The terms in this area of the industry tend to be used somewhat loosely at times. Monitoring, verification, visual, video, remote, off site monitoring, among other words, all get used interactively on a regular basis. In the present context, I am using the term of remote video verification to equate to what the British Standards refer to as 'remote monitoring of detector activated CCTV systems'. This process involves the presentation of detection or alarm information to an operator, the identification of cause, making an informed judgement on the situation and appropriate response, and taking responsible actions to address the situation. Systems designed for remote video verification need to be designed and installed to a high standard because of a number of security solutions that have to work together to provide an integrated monitoring, viewing, and response capability. Core to the systems is the detection technology that is used to generate the alarm or event conditions. The standards place a strong emphasis on false alarm avoidance, which can play havoc on the monitoring process. A site I visited which was experiencing four alarms per second (virtually all false) would obviously not be a candidate for such technology. Further, the standards emphasise the relationship between detectors and cameras. Detection zones have to be consistent with camera coverage - anything detected must be viewable. The use of audio monitoring and a facility for on site announcements is also strongly recommended in the standards. Other facilities such as arming and disarming systems or components, activation of protection devices such as locks or pepper gas, control of lighting and access systems, and communication with response units make for a fairly complex set of requirements that must work together in a usable and efficient system.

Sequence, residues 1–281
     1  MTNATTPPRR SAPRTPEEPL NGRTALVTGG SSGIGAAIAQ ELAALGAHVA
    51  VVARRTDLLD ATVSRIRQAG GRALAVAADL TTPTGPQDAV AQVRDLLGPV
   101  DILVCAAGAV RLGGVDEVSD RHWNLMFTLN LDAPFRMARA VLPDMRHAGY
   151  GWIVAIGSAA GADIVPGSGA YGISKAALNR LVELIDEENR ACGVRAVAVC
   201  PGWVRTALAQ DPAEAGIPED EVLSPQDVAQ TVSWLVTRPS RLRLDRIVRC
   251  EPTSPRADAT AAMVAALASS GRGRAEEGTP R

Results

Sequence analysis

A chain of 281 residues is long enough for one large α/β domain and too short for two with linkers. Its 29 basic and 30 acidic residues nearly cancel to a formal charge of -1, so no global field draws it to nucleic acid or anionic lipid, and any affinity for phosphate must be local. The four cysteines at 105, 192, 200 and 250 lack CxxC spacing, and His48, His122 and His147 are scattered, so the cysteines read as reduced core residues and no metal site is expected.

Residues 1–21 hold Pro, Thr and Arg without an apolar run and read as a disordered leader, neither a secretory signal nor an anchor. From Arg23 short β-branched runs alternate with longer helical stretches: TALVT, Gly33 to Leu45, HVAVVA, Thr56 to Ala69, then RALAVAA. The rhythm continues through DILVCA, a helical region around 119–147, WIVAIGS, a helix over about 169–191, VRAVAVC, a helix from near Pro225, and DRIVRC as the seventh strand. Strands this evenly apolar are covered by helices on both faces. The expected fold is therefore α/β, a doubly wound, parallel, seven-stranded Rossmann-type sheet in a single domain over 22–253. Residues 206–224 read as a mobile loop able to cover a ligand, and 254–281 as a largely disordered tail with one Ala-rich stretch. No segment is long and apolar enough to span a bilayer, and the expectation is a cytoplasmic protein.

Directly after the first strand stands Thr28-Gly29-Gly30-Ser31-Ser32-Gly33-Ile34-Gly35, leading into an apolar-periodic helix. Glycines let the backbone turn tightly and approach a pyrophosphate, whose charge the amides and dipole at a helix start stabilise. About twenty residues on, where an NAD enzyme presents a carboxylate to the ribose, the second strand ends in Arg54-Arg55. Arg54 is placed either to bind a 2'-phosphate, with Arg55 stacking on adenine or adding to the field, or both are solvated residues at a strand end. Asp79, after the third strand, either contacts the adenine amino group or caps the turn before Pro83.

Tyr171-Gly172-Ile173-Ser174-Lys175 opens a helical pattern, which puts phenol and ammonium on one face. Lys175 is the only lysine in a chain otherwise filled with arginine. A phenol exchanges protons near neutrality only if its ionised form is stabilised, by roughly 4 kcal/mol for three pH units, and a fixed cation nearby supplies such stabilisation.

It is not just system design that is important to look at. The nature of the site under protection also needs careful consideration. Aspects such as lighting, reflections, the nature and level of movement in a scene, and frequency of change are issues that can materially affect the success of a remote verification scheme. Transmission of data is critical in most CCTV operations, but in the case of remote verification, ensuring sufficient video quality in transmission is key. Picture quality should be at least sufficient for an operator to determine the nature and detail of a viewed event. The operator concerned needs to make a decision rapidly and on the spot. This calls for operators with good judgement and who are well trained, but who can also clearly see the criteria that decisions should be based on. In this context, client expectations are important to determine as part of the operational requirements and these need to be reconciled against the transmission and system capabilities. The design of the security system and the match to the remote monitoring capability requires skilled and knowledgeable personnel. Certainly this needs to be considered in the choice of solution providers.
Dr Craig Donald is a human factors specialist in security and CCTV. He is a director of Leaderware, which provides instruments for the selection of CCTV operators, X-ray screeners and other security personnel in major operations around the world. He also runs CCTV Surveillance Skills and Body Language, and Advanced Surveillance Body Language courses for CCTV operators, supervisors and managers internationally, and consults on CCTV management. He can be contacted on 011 787 7811 or email@example.com